How Genovo can help you meet the requirements of Consumer Duty

How Genovo can help you meet the requirements of Consumer Duty

Nigel Ogram

IMPORTANT – This user tip relates to an older version of Genovo. Although much of the content and many of the concepts still apply to the current version of Genovo, the screenshots and some instructions may no longer be accurate.

Welcome to November’s User Tip Blog. After the relatively lightweight nature of the last couple of blogs (Investment Library and Additional Permitted Subscriptions), I drew the short straw and somehow volunteered to write about Consumer Duty.

However, before you glaze over and hit the ‘back’ button, this blog ISN’T a summary or analysis of Consumer Duty – there’s already a vast array of excellent commentary out there without me adding any more to it. If you really want to read about it, you can download and read the document itself.

What this blog aims to do is show you how Genovo is already helping you meet your Consumer Duty obligations and how we’re working to make it even better.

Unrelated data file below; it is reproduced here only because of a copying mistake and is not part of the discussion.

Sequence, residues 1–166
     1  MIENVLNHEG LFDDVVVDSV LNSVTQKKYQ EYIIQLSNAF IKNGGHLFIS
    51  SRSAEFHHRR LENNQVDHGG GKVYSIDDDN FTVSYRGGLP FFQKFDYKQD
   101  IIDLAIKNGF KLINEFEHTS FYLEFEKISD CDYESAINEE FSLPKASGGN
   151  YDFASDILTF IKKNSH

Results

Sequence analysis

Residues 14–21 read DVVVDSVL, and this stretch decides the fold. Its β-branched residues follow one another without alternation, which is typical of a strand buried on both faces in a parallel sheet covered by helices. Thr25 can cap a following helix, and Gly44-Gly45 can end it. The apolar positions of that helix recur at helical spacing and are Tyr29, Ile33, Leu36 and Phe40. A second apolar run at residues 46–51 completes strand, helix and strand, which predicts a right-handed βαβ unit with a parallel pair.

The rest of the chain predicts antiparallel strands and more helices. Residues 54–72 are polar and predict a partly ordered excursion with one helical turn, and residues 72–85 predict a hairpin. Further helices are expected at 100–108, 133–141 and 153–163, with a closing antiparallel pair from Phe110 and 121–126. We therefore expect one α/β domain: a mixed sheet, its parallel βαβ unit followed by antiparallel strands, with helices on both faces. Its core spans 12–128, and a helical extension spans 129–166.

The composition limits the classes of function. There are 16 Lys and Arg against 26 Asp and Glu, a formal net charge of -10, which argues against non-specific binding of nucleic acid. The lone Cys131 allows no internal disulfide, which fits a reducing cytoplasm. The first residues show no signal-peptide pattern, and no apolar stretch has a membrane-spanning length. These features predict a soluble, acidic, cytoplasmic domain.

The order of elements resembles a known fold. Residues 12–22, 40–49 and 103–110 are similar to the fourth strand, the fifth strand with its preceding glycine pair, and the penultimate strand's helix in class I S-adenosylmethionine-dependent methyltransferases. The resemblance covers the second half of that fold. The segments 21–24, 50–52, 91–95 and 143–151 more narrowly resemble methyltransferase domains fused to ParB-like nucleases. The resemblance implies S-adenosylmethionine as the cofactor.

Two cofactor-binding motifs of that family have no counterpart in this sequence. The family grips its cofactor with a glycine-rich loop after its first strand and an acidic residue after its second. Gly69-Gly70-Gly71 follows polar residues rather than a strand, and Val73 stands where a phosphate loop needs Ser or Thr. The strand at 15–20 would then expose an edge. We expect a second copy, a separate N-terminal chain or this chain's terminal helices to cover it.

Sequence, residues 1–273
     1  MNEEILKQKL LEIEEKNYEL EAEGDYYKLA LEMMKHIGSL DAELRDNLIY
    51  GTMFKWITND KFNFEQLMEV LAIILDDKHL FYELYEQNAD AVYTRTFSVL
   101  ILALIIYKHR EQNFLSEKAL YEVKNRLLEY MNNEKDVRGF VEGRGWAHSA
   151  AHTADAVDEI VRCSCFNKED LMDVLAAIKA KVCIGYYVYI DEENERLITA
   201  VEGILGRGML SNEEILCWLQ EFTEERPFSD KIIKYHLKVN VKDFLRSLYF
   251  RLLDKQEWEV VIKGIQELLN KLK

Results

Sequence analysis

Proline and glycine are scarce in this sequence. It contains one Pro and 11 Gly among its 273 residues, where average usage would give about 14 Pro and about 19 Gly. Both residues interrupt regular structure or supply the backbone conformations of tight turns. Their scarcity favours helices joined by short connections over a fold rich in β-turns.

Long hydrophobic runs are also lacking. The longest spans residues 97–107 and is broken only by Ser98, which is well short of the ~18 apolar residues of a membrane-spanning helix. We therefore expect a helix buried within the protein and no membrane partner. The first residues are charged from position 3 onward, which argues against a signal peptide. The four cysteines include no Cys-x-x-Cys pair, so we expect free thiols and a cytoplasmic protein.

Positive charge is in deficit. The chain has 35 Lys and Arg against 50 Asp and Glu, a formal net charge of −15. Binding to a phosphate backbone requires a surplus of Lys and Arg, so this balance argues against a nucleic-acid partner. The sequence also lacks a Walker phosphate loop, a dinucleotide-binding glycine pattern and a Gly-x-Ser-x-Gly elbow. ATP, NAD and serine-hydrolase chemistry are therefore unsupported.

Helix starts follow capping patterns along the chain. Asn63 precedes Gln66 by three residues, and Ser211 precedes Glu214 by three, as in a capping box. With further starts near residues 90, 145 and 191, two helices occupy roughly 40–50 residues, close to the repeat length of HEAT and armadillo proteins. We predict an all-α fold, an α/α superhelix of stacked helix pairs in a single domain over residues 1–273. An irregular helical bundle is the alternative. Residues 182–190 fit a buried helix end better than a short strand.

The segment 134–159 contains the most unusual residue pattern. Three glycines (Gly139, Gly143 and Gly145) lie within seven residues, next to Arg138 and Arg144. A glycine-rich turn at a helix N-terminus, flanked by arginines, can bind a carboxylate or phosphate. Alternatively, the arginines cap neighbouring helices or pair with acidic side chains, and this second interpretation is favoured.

What (very briefly) is Consumer Duty?

‘PS22/9’ – an innocuous little FCA reference that has wide-reaching implications for financial services. The reach of the legislation is vast – “a new Consumer Principle that requires firms to act to deliver good outcomes for retail customers”. It’s a bit like ‘TCF on steroids’!

My guess is that most advice firms are already doing the majority of what’s needed, as a standard good practice. Consumer Duty is now formalising the requirements and compelling you to evidence that you’re doing it. So – what is it?

  • If you have nothing better to do, have a read –
  • It is client outcome-based, rather than a definitive “you must…” or “you must not”.
  • It’s not a tick-box exercise – it’s a fundamental change to underlying culture.
  • There are four outcomes – the one that Genovo helps you with is the third – The consumer understanding outcome(straight to chapter 8 on page 50 if you’re reading the FCA document…)
  • FCA wants “firms to ensure their communications are likely to be understood by the customers intended to receive the communication.”

Where does Genovo fit in?

Suitability reports are the main method by which an advice firm formally communicates the advice to the client and as such, they are a key part of the adviser / client relationship and a fundamental part of client understanding.